Elite group whip up Slam storm
“We do agree that we should be increasing prize money,” Tiley said. “We’ve never shied away from that, and it’s just a question of what we can afford and just how satisfactory that is to the player group.”
The deadline is approaching rapidly. The Australian Open is scheduled to announce its 2013 prize money totals in the first week of October, although Tiley said the tournament reserved the right to adjust the package later. The players have cracked in the past. In the early 2000s, under former chief executive Mark Miles, the ATP deployed many of the same arguments in an attempt to extract a greater percentage of revenue. But the top players lacked the necessary cohesiveness to follow through.
“It’s tough to get 10 top players in the same room, let alone agree upon one thing,” said Pete Sampras, the former number one who retired in 2003. “It’s not the NBA. It’s not a union. It’s individual guys. There were too many different opinions and, to be quite honest with you, I didn’t have the energy to get involved.”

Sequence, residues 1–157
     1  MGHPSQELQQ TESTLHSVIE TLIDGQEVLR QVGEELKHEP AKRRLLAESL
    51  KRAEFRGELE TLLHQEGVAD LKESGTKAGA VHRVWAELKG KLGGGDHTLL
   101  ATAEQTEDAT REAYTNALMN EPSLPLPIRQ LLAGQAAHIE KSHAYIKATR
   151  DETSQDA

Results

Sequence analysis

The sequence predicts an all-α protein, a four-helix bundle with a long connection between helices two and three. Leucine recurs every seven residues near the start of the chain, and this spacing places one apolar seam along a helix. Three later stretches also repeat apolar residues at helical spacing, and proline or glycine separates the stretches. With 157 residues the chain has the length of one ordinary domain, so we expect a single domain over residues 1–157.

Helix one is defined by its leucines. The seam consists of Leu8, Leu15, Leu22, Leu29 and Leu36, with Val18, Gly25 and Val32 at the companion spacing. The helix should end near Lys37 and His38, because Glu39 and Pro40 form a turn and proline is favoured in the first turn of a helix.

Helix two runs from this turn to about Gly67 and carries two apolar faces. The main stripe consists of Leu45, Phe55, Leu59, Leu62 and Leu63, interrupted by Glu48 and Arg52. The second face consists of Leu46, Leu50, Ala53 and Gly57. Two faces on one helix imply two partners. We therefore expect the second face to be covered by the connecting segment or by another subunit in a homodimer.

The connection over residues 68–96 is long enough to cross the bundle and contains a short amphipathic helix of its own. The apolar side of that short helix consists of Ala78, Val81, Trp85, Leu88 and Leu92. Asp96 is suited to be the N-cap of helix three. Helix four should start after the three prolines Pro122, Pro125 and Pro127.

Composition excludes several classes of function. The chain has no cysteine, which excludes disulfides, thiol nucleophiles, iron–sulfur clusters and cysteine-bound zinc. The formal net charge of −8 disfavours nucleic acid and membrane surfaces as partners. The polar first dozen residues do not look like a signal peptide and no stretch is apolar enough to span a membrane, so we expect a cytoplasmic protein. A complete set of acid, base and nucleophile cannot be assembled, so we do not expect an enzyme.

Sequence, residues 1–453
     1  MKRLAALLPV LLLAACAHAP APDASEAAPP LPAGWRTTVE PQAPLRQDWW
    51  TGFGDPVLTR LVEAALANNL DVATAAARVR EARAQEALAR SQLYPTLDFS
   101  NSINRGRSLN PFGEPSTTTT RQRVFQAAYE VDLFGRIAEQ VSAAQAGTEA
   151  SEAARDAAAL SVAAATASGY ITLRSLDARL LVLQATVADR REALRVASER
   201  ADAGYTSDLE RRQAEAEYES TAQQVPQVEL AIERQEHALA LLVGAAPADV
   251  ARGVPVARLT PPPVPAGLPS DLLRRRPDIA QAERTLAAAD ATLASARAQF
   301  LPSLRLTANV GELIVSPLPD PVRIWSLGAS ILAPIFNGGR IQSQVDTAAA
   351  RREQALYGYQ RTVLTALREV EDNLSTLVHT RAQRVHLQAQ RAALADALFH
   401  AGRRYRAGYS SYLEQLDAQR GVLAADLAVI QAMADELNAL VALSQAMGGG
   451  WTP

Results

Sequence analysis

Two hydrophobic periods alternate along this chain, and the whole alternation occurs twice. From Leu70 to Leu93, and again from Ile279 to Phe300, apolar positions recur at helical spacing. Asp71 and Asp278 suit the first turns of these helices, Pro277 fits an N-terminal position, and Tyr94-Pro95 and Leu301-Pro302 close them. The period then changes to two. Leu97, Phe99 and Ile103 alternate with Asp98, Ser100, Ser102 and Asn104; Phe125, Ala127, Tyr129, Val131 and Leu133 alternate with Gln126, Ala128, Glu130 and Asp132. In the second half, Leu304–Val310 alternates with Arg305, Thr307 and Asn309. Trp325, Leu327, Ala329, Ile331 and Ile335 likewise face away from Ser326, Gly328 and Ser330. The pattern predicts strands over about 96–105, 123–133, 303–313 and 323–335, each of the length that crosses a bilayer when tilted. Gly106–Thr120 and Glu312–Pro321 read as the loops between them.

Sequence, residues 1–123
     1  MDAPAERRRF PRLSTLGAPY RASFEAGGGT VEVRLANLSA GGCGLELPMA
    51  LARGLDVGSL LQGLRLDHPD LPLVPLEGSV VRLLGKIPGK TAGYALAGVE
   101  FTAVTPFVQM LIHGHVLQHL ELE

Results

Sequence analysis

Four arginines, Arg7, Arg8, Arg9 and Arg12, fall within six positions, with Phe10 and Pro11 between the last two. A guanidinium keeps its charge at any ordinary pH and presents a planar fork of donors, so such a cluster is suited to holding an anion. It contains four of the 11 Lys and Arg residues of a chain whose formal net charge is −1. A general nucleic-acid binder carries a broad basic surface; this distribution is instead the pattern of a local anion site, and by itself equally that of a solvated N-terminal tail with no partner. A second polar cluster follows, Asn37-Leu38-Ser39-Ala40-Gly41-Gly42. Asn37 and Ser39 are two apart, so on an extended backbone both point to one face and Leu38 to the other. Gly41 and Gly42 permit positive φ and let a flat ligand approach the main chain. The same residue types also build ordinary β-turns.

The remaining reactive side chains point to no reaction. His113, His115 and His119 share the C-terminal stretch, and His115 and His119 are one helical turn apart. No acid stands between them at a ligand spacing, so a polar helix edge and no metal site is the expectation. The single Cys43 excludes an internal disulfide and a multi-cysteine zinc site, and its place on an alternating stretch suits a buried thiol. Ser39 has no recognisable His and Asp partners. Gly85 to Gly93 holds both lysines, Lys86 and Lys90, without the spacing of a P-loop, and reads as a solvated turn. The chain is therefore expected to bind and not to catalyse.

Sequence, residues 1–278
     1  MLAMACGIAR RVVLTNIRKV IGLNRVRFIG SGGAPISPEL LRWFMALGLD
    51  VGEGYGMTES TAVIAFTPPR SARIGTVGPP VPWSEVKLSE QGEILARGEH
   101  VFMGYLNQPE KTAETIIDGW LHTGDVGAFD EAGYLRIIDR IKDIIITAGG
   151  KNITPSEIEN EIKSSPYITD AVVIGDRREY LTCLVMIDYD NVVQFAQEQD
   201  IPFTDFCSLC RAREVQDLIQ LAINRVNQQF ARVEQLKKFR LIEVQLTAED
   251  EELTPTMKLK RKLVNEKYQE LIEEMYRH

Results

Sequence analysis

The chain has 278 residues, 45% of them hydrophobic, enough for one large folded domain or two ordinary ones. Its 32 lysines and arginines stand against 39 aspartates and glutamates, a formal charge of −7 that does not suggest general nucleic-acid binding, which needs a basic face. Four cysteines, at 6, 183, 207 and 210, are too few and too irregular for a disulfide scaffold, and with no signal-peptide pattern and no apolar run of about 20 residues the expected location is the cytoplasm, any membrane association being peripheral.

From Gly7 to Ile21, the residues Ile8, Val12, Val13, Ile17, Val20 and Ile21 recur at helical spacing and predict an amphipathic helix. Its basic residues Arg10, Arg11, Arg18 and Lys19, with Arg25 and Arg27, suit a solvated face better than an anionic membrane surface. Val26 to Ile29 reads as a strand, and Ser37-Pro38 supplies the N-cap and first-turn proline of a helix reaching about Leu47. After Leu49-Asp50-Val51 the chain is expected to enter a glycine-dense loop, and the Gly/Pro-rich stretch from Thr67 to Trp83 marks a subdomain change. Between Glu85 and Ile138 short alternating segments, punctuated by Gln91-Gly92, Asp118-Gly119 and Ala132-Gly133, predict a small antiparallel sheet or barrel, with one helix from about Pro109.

The true level of unity among the current player pool remains unclear, but there appears to be unity of purpose at the top. Federer, Murray, Novak Djokovic and Rafael Nadal and the ATP Tour’s new chief executive, Brad Drewett, have met repeatedly with representatives of the Grand Slam tournaments this year. Nadal and Djokovic are no longer on the ATP Player Council, but Federer remains its president.
Some Grand Slam officials have resisted the idea of linking prize money to a percentage of revenue. Some argue that it should be linked to profit, and they note that approximately one-third of the overall prize money on the men’s tour comes from their tournaments.
“If you have a look at 1998 and the Consumer Price Index increase on prize money per tournament, the Slams have gone up 1,095 percent, the ATP Tour has gone up 216 percent, and the challengers have gone down 15 percent,” Tiley said. “So there’s a big gap. The Slams have stepped up in their prize money and we believe they can step up more, and of course we will step up more, but the question is just by how much.”
The answer could make all the difference between a peaceful start to next season and a stormy one.
New York Times Service